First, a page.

Comparison of verses 8 and 44 – two substantively similar verses, in which the speaker bemoans the failure of his prayer to reach God – throws the gever’s transformation into sharp relief. In verse 8, the gever’s prayer was so self-centered that he did not even acknowledge the recipient of his pleas. Verse 8 lacks an address, a “thou,” instead focusing exclusively on the individual who bemoans the futility of his prayers: “Even when I cry out and when I plead, my prayer is shut out.” In content, verse 44 is not substantially different from verse 8; the communal voice again laments his perception that prayer fails to reach its destination. However, there is no remnant left of the self-absorbed victim of the first section. Instead, verse 44 obscures the “I” who prays, referencing the divine addressee twice in the second person: “You covered Yourself with a cloud from allowing prayer to pass through.” The contrast between these verses illustrates well the shift that has taken place. No longer consumed by his own misery, the gever reacquires the ability to see outside of his own self-absorbed reality.
A second reason that the gever reacquires his community relates to his recent reconciliation with God. Just as the loss of God entailed the loss of membership in the covenantal nation, reconciliation with God facilitates the gever’s recovery of his affiliation with the covenantal community. It is not shared culture, history, land, or language that primarily binds the covenantal community of Israel, but, first and foremost, their shared relationship with God. When an individual member of the nation of Israel breaks off his relationship with God by sinning, this negatively affects his relationship with the community. The converse is true as well; by reconvening his relationship with God, the gever finds himself once again a part of the covenantal community of Israel.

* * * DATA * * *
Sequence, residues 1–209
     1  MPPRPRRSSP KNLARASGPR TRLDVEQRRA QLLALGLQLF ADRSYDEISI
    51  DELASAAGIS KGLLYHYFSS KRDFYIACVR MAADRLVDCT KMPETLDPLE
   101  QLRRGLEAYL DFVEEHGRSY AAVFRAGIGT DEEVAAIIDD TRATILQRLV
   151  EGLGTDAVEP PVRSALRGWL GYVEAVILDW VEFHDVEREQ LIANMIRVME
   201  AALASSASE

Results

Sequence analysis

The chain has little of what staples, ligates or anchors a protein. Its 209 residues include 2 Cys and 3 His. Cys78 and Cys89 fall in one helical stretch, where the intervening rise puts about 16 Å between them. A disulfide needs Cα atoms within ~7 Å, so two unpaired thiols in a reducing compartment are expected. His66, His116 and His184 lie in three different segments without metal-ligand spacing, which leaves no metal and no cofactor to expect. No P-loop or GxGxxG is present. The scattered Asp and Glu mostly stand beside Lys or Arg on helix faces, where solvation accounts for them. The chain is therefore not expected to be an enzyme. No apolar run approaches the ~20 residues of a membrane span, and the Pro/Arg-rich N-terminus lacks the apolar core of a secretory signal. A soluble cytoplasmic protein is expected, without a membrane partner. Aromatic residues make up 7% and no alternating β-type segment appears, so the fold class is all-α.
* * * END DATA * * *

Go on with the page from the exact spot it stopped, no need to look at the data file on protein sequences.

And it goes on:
Why, though, does the gever choose to speak in the plural form? Why veer sharply away from the intensely personal narrative to link up to the national tragedy? It is now that the gever transforms his tragedy into a constructive affair, making his own suffering meaningful and useful. Inspired to share his revelations with others, the gever commissions his community to join him in introspection and repentance, endeavoring to elicit their devotion, faithfulness, and passion. In a gesture of humble petition, the gever recruits others to lift their hearts and hands upwards along with him in a quest to find God. Thus, the gever joins his community, not simply to associate with them, but to motivate, guide, and lead them in his newfound transformative journey.
Contrition is fleeting. In a surprising turnaround, the gever sharply alters his conciliatory tone. “We have sinned and rebelled, [but] You did not forgive!” Anger and complaint supplant the remorseful call to repentance and prayer. The second person accusation (“You did not forgive!”) replaces the first person plural of confession (“We have sinned and rebelled”), establishing an adversarial relationship between the community and God. Each side has betrayed the other; both parties assume a measure of culpability. Casting off sorrowful confession, the community indulges instead in delineating its grievances, which snowball and grow in intensity. Flinging accusations at God in a series of rapid-fire second person verbs, the community’s anger at God is both personal and direct: “You did not forgive, You covered Yourself in anger, You pursued us, You killed, You did not pity, You covered Yourself with a cloud… You placed us in filth and refuse in the midst of the nations!”
In a jarring reversal, the gever who has finally discovered sin and launched repentance, now has the audacity to renew his complaints and reproach God, treated Him as an adversary. How has this occurred?
Possibly, regaining his community actually empowers the gever; speaking in the plural form enables humans to direct accusations against God that an individual could never dare utter. Once the gever joins the covenantal community, he can expect different assurances and commitments from God. God seems more inclined to forgive His collective nation than individual sinners. The covenant that God made with the forefathers obligates Him to maintain fidelity to the national entity, though not necessarily to individuals. In a similar vein, a gemara accords special powers to collective prayer, noting that God pays special attention to the pleas of the community:
What is the meaning of the verse: “And my prayer will be to You God at an acceptable time”? When is an acceptable time? At the time that the congregation is praying… R. Natan says: From where do we know that God does not reject the prayers of the many? As it says (Iyov 36:5), “Behold, God does not reject the mighty.” (Berakhot 8a)